SIOUX FALLS, S.D. (KELO) — After advancing to the American Association championship series in 2020, the Sioux Falls Canaries stumbled to a fifth place finish last season.

This spring, the Birds are looking to bounce back with the help of a new roster of players, made possible by a major renovation at Sioux Falls Stadium.

A year ago, the Sioux Falls Canaries’ new ownership surprised fans with a half-million-dollar upgrade to their video board.

“It’s a process, right, and we want to earn the right with the fans to deliver that world-class experience when you come out to the ballpark with your family or friends to have a good time,” Canaries Owner Brian Slipka said.

This season, the Canaries have added padded seats behind home plate and new concessions, including an in-house chef. The team now has eleven full-time employees, compared to two 14 months ago.

“We’re trying to bring a unique message to the community that we’re here, we’re here to stay, we’re putting our money where our mouth is, and most importantly we’re creating a better experience,” Slipka said.

The biggest improvement will benefit both fans and players.

“The field was in disrepair. I mean there’s a lot of high school fields, my son plays high school baseball, and there’s a lot of high school fields that are in better shape than the Birdcage,” Slipka said.

“When I first got here in 2017, it was like a whole bunch of holes and rabbits running around, it was a bad situation to be playing on it,” Canaries Hitting Coach Jabari Henry said.

Now, you’ll still see a duck or two, but the Canaries have spent the past six weeks installing a new turf infield and the players are impressed.

“You should have seen their faces. They were all smiling, like this can’t be the Birdcage. We were like this is it, this is the new Birdcage, get used to it because it’s going to be here for awhile,” Henry said.

“It’s been spectacular watching the process, coming out every day seeing a little more added to it, watching them sew it together. It changes the look of the stadium,” Canaries Manager Mike Meyer said.

Canaries Manager Mike Meyer says the turf has caught the eye of players across baseball.

“It’s been a huge impact for me and my recruitment,” Meyer said.

Especially when it comes to pitchers and infielders.

“Having this artificial surface that’s going to play true every day, day in and day out, it’s been much easier for me to land some of those quality arms that we’ve been lacking in the past,” Meyer said.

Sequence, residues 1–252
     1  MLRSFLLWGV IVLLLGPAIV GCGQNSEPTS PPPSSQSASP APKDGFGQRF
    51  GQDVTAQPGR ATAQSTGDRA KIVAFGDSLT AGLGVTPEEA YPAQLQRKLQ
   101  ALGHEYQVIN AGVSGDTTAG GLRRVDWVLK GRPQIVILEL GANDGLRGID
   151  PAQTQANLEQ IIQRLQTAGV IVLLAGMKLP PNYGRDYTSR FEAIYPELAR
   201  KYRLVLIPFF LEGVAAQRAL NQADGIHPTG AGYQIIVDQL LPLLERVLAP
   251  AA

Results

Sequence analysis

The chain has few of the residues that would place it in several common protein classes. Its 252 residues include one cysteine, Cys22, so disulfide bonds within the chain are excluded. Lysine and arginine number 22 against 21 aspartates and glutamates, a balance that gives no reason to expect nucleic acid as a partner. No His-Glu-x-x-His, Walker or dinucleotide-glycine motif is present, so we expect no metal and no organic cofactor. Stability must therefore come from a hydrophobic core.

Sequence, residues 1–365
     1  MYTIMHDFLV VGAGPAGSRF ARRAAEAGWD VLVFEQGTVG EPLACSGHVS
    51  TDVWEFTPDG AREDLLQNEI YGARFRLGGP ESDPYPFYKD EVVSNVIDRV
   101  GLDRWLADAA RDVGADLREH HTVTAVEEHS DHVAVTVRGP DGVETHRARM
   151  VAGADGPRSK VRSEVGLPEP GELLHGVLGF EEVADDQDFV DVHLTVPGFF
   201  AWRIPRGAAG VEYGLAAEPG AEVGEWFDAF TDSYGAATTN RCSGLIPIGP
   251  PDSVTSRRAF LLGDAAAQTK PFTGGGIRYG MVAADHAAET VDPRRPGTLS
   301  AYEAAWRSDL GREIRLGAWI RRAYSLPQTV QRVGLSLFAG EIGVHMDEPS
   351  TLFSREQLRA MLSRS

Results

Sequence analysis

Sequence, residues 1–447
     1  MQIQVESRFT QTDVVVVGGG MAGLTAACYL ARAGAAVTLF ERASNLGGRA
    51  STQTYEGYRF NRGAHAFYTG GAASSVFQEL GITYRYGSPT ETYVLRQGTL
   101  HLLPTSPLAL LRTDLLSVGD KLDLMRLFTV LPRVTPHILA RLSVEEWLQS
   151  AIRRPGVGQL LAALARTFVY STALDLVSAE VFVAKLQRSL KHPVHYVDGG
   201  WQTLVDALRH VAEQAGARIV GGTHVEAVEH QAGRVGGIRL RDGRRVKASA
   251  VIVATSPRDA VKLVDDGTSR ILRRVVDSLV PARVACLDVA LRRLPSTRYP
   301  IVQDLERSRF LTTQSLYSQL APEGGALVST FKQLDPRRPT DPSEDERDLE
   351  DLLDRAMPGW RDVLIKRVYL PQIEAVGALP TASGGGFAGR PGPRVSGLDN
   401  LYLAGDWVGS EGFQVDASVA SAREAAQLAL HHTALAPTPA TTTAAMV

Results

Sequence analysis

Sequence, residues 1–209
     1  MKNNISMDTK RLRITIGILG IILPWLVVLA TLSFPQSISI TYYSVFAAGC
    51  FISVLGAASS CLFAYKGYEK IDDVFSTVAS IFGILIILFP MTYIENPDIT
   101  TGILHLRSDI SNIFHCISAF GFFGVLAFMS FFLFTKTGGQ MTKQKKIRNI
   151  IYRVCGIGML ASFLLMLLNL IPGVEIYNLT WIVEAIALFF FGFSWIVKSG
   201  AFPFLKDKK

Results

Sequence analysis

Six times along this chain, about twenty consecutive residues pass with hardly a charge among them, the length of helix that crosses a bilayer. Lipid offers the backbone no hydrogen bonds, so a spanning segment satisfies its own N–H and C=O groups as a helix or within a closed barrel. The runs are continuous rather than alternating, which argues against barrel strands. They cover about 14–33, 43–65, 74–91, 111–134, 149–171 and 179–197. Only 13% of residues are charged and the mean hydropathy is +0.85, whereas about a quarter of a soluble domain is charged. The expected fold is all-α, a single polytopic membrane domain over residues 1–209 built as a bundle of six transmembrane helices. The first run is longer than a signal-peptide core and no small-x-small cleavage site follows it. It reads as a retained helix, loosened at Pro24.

“Now, the pitchers are more confident to give the ground balls so our infielders can turn double plays and not just try to get strikeouts, so it’s been amazing,” Henry said.

“When you have a double play ball and you have to play on your heels because it’s like trying to field a super ball bouncing on a parking garage and you don’t know which way it’s bouncing you have to stay on your heels. We may get the out at second, we don’t turn the double play which turns the lineup over one more time and then we give up that big swing,” Meyer said.

The importance of these projects extends beyond wins and losses.

“It just shows my guys in the clubhouse that Brian and Twan care about them and they want them to have a good experience and they want to give them the resources to not only help us win now but to help them become better players and better versions of themselves so they can get out of here and hopefully get to the big leagues,” Meyer said.

The long list of upgrades doesn’t mean ownership has abandoned the idea of one day playing in a new stadium.

“We’re going to be at the Birdcage at least another few years and so all of these improvements and changes will undoubtedly help the fan experience and create that world class experience. But, certainly, we are looking at a long-term solution of having a brand new stadium for fans to really get excited about,” Slipka said.

A downtown stadium has long been discussed, but…

“There’s a lot of conversations, it could go a lot of different directions. I will say this, I think the community will have a better idea by the end of this year and that’s really, really exciting,” Slipka said.

As for this season, renovations on and off the field are breathing new life into the organization.

“Guys just want to be here, they want to work, they want to play. They want to be in the clubhouse and be around because it’s fun and it’s nice and we have new things,” Meyer said.

Now, it’s time to play ball.

“It’s going to be so much different than any other opening day. I think a lot of it is because it’s going to be the first time we’re actually on the field,” Meyer said. “There’s no better place to be in the summer than out here on a nice warm summer night at the Birdcage,” Meyer added.

After spending the first week of the regular season on the road, the Canaries open the home portion of their schedule Friday night against Milwaukee. First pitch is set for 7:05.